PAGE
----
I know this will sound silly, but I was attracted to this book because I love browsing through the “O” shelf. The shelf is short and very diverse, and at the library I volunteer it’s right next to the lending desk. Therefore, Michael Ondaatje, of The English Patient’s fame.
The Cat’s Table is nothing like the English Patient, but the tone is equally kind and luminous (as far as I can remember, because I read it in pre-blog times). It’s a novel, but the narrator is an adult named Michael who travelled as a child, alone, from (then) Ceylan (now Sri Lanka) to Great Britain in the 1950s aboard one of those big liners who took three weeks to cross the Indian Ocean, the Suez Canal and the Mediterranean. And guess what? Michael Ondaatje also did this trip as a boy.
I guess it can be classified as a bildungsroman because Michael experiences the world and grows up during these three weeks. He gets to meet very diverse people and to make his own judgment of them (wrong or right) independently from what the adults would say. We also get a glimpse of the adult Michael has become, what his life has been so far and how his whole life has been influenced, in big and small ways, by this trip. We see the freedom of plays and pranks that Michael and his two friends Cassius and Ramadhin engage into every day, and we see the inscrutable world of the adults, full of allusions and mysteries that the boys do not comprehend yet.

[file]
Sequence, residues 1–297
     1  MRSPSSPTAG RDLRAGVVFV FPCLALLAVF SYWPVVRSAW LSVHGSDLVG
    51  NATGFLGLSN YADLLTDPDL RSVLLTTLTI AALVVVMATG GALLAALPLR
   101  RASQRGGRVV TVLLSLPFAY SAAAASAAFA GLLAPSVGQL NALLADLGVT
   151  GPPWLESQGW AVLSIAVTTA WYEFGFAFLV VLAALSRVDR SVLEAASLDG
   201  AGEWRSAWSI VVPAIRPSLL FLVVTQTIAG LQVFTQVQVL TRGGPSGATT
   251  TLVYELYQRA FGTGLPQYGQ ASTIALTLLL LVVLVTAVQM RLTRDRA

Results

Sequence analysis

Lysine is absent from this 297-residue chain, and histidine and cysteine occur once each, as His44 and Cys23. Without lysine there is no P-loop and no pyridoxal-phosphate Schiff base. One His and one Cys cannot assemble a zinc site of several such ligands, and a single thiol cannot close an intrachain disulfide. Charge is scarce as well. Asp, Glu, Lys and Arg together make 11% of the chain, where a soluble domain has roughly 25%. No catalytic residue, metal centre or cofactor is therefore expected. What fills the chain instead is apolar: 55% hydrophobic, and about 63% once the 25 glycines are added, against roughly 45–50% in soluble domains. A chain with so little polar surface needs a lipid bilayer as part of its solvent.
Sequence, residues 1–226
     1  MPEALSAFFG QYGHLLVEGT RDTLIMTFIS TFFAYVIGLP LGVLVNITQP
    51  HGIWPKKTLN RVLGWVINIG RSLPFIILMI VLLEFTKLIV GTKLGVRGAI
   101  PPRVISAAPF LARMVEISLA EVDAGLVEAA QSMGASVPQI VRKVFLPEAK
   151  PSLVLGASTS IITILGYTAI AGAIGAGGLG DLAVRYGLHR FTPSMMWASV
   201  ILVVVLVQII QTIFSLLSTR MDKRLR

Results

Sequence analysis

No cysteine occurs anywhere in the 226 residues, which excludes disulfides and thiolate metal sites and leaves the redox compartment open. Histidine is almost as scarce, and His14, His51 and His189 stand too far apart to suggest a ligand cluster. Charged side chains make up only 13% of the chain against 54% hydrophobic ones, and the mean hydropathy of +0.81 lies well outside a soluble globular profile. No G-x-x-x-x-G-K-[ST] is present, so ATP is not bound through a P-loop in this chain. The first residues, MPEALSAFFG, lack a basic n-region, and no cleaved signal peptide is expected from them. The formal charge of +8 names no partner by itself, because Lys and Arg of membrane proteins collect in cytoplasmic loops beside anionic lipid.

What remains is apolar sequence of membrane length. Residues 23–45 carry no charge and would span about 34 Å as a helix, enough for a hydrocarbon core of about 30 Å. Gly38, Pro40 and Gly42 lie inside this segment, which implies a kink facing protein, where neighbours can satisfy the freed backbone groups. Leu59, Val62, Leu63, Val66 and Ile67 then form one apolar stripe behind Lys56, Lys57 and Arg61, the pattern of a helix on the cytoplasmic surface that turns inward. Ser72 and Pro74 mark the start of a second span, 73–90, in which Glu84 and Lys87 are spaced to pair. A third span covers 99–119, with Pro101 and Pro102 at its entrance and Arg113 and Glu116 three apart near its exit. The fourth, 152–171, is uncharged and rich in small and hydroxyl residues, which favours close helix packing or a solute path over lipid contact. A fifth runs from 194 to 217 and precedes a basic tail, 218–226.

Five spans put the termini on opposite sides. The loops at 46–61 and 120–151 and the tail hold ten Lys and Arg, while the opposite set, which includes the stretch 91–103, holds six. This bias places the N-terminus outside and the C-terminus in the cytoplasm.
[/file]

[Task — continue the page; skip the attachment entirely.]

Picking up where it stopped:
The boat is a capsule world in between colorful Ceylan and grey Britain, a world between his father and his mother (who are divorced), and he doesn’t know what to expect. Time is suspended. He vaguely understands the meaning of exile and that he will encounter difficulties and racism later but at this point of his journey he has no clear comprehension, which makes his later allusions to growing up as an immigrant even more gut-wrenching.
There’s a fine line in the book between breathtaking (albeit mindlessly childish) adventures, dreamlike visions of exploring the boat, nostalgia of his lost childhood and sadness and tragedy. It’s a book to savor slowly (which is a difficult pace for me in this season) and not to rush through. I must say I didn’t understand everything what happened to every passenger, so if you need all the i’s to dot and t’s to cross in stories it might be a problem, but personally I enjoyed the atmosphere nonetheless.